As Carly Simon sang decades ago, “anticipation, anticipation, it’s makin’ me late, it’s keepin’ me waitin’.” “Anticipation” could be the theme song of the week here in Washington, D.C., where several thousand people are getting ready (again) for release of the Republican tax reform plan.
Rumors are circulating that “everything is on the table,” meaning every interest group is gearing up to protect current provisions that lower their constituents’ tax bills and therefore cost the Treasury money.
Even amid all the anticipation, long-time tax-watchers know disappointment could be next week’s story line. Still, something seems to be coming together, and so it’s timely to review a few of the known knowns and ask questions. What’s the timeline? Who are “the deciders?” What provisions could impact energy policy and consumers?
Speaker Ryan said earlier this month that the tax reform plan would debut the week of September 25. “Plan” likely means a document outlining areas of agreement between the Trump administration and congressional leadership. It’s unclear how much can be gleaned from the plan, though, as Speaker Ryan also said that Ways & Means and Finance need to figure out the details and draft legislative language. Late October is the current best guess for when the tax committees might take up legislation.
However, between now and late October (only 6 weeks!) lie a boatload of challenges. Aside from the really thorny tasks of maintaining consensus, and reflecting that in legislation which amends thousands of pages of the Internal Revenue Code, Congress must also pass a budget resolution in order to sidestep Senate rules that normally require 60 votes to move forward.
Who’s likely to be in the room when decisions are made? The “Big Six” for tax reform are:
However, many other members of Congress (just about all of the other 531) will want to weigh in and are already doing so on social media, in public forums and behind closed doors. Some key bills have already been introduced as part of lawmakers’ campaigns to get important ideas into the overall reform package.
One bill that seems to have momentum and could bring benefits to energy consumers is bipartisan and bicameral – an increasingly rare combination. The “Carbon Capture Utilization and Storage Act” seeks to increase an existing tax credit for carbon capture and storage projects that could eventually help keep clean coal in the generation mix. According to a recent summary of the Senate version, the bill is necessary because the existing “45Q” credits, at “$10 per ton for Enhanced Oil Recovery (EOR) and $20 per ton for geologic storage continue to be insufficient to stimulate any real financing of CO2 capture or utilization projects.”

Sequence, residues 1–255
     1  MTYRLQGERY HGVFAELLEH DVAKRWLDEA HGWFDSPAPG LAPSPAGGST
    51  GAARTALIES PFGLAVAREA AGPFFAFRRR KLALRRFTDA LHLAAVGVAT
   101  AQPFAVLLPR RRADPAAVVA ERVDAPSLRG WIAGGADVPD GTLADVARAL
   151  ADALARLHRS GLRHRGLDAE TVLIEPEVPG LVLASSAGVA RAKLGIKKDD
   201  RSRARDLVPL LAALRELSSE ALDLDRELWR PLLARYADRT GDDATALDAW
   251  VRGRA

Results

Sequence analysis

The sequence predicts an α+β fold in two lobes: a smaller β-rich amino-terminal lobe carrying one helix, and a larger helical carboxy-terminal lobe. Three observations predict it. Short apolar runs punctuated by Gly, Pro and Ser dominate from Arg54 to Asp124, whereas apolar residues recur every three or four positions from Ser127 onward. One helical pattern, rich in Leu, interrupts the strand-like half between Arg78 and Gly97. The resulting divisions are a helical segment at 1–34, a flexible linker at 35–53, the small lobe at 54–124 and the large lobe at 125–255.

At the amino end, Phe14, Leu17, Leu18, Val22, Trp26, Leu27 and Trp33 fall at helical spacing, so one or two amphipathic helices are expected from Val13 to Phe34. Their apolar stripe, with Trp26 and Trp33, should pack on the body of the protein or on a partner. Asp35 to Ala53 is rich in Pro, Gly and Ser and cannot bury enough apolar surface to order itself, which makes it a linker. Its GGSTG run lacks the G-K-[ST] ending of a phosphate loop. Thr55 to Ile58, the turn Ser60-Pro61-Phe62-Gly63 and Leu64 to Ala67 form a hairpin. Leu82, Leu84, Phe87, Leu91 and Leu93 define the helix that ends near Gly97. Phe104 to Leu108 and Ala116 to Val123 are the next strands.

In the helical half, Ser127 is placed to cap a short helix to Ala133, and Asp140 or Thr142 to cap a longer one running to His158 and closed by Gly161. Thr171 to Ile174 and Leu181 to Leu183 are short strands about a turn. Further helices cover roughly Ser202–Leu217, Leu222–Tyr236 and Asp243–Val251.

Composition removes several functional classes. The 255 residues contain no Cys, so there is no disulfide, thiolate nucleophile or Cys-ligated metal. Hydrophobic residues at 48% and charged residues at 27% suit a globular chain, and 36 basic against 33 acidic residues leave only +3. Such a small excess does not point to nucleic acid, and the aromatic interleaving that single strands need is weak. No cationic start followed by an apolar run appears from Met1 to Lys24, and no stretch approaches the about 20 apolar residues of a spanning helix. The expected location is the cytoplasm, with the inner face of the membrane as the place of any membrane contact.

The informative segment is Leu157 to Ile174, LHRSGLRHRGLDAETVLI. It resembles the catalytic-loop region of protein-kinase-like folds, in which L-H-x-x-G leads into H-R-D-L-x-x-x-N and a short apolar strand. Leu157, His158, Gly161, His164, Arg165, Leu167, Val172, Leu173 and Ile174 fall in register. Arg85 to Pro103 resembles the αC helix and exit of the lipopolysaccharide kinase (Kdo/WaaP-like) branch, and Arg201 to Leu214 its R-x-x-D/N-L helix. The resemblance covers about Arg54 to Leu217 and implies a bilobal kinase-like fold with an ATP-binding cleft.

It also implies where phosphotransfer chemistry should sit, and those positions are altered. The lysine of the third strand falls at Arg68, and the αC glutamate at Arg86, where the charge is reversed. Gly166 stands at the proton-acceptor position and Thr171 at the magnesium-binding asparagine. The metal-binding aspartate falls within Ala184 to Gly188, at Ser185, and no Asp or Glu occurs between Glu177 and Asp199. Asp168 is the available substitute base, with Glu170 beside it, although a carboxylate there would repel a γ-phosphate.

Renewable energy technologies, perennial applicants for tax benefits, are expected to push benefits for small wind, geothermal heat pumps, fuel cells, and Combined-Heat-and-Power. We may also see a renewed effort to extend timelines and increase flexibility for the nuclear Production Tax Credit, an integral building block in making sure conventional plants (such as Vogtle) and next-generation installations (Small Modular arrays) come to market and add diversity to our generation mix.
Another likely entrant into the tax reform fray – a renewed push for a carbon tax; while congressional support is thin, new D.C.-based, well-funded coalitions have emerged to boost the concept. At PACE, we view a carbon tax as saddling the American economy and its consumers with higher costs, while doing very little to address global carbon emissions.
As Congress and the White House circle around tax reform, PACE will keep an eye on the debate, especially as it relates to energy, and update you if anticipation becomes real action.